Abing Speaks to ... | Gavin Yuan Gao

Abing Speaks to the Moon About the Loss of His Vision

 

 

Cast out into the streets, I curse 

             this skin-tight hour of slumbering 

                          & waking. Curse this blight that evicted 

 

your light from the guesthouses 

             of my eyes. All winter, I petitioned the sky 

                          to revoke its decree of heavy snow, 

 

prayed for the boiling tide in my lungs 

             to ebb—so that the steel strings between 

                         my fingers could speak again­ in worship

 

of the fleeting quiet before each dawn

             with the faith & fluency of a rooster.

                         Instead, fever licked my vision bone-clean. 

 

Whittled my body down to such lightness 

             I wore it through the day like a whispered 

                         confession. But even in such losses

 

there’s a sacredness. A hymn. As darkness

             rises like steam behind my eyes, my hearing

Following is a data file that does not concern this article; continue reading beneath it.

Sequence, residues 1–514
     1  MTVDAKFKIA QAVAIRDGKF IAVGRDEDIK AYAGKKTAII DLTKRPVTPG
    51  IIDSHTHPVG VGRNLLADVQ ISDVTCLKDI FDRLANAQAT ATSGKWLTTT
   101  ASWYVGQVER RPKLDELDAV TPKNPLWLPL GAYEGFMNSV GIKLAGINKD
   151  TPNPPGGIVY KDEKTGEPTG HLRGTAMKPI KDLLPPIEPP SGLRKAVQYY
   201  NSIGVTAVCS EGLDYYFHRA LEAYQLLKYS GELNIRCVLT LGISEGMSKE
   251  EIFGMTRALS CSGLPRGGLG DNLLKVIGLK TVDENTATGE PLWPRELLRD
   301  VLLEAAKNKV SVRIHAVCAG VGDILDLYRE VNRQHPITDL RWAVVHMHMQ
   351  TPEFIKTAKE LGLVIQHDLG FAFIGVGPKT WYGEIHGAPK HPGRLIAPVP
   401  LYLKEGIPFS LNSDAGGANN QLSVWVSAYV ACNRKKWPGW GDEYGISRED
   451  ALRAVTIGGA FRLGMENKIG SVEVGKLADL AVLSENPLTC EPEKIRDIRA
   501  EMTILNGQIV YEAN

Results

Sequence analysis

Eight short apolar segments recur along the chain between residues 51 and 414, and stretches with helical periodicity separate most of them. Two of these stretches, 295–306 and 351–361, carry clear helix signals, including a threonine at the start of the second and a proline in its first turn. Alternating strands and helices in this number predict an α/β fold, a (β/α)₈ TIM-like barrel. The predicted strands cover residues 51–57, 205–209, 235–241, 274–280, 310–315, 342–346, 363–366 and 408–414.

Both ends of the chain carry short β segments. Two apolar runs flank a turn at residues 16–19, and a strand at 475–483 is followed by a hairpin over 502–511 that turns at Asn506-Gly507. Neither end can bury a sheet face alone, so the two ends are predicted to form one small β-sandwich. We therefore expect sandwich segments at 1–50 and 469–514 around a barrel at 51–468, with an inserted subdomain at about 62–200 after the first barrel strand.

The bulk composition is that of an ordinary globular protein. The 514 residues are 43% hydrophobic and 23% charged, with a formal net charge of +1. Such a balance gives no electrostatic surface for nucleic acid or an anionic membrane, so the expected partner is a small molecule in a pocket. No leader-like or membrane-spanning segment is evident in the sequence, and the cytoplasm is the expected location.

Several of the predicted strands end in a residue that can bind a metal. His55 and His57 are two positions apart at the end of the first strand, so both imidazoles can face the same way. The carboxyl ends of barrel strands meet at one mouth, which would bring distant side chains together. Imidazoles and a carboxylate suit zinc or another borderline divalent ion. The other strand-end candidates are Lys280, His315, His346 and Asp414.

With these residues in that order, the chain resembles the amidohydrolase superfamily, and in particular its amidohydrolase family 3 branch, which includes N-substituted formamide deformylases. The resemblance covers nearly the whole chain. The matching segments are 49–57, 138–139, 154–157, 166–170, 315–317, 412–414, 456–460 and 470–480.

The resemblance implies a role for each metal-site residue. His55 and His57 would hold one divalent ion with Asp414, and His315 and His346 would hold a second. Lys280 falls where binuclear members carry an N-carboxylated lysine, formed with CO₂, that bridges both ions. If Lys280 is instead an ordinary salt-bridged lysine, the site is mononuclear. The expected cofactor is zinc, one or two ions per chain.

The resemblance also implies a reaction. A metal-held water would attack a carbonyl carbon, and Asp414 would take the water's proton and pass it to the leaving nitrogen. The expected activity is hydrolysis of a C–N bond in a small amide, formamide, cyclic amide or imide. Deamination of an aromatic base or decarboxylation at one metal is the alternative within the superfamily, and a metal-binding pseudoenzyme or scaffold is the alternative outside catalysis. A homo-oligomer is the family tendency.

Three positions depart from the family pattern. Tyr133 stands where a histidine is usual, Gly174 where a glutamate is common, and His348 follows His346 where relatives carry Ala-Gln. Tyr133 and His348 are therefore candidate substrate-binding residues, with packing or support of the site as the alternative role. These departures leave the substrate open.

brightens into ice: I hear summer moult

 

into autumn, persimmons untethered 

             from stalwart branches thudding

                         to the ground like bells of flesh.

 

I hear the precise, surgical knife 

             of each pitying sigh as a coin glides 

                         like a cold note along the chipped edge 

 

of my china bowl, finally coming to rest 

             at its centre the way a shiver lands in the small 

                         of my back when the wind trespasses.

 

Faithful listener in the tree. Let me

             lay down this vagrant life at your feet  

                         & run a palm along the slender neck 

 

of my erhu. Feel the strings eager                                    

             to unstitch the stillness as my heart turns 

                         from barrenness toward praise.  

 

 

 

 

 

Note: This poem is part of a series of poems I’m working on about the life of the blind Chinese folk musician, Abing (1893-1950), famed for his erhu performances. He lived a vagrant life during the years of Japanese invasion of China.

 

 

 

Gavin Yuan Gao is a Meanjin-based poet and translator. In 2019, he was shortlisted for the Thomas Shapcott Poetry Prize. His poetry has appeared in Meanjin, Peril, Cordite, Stilts, Australian Poetry Journal, and elsewhere.

 

 

 

 

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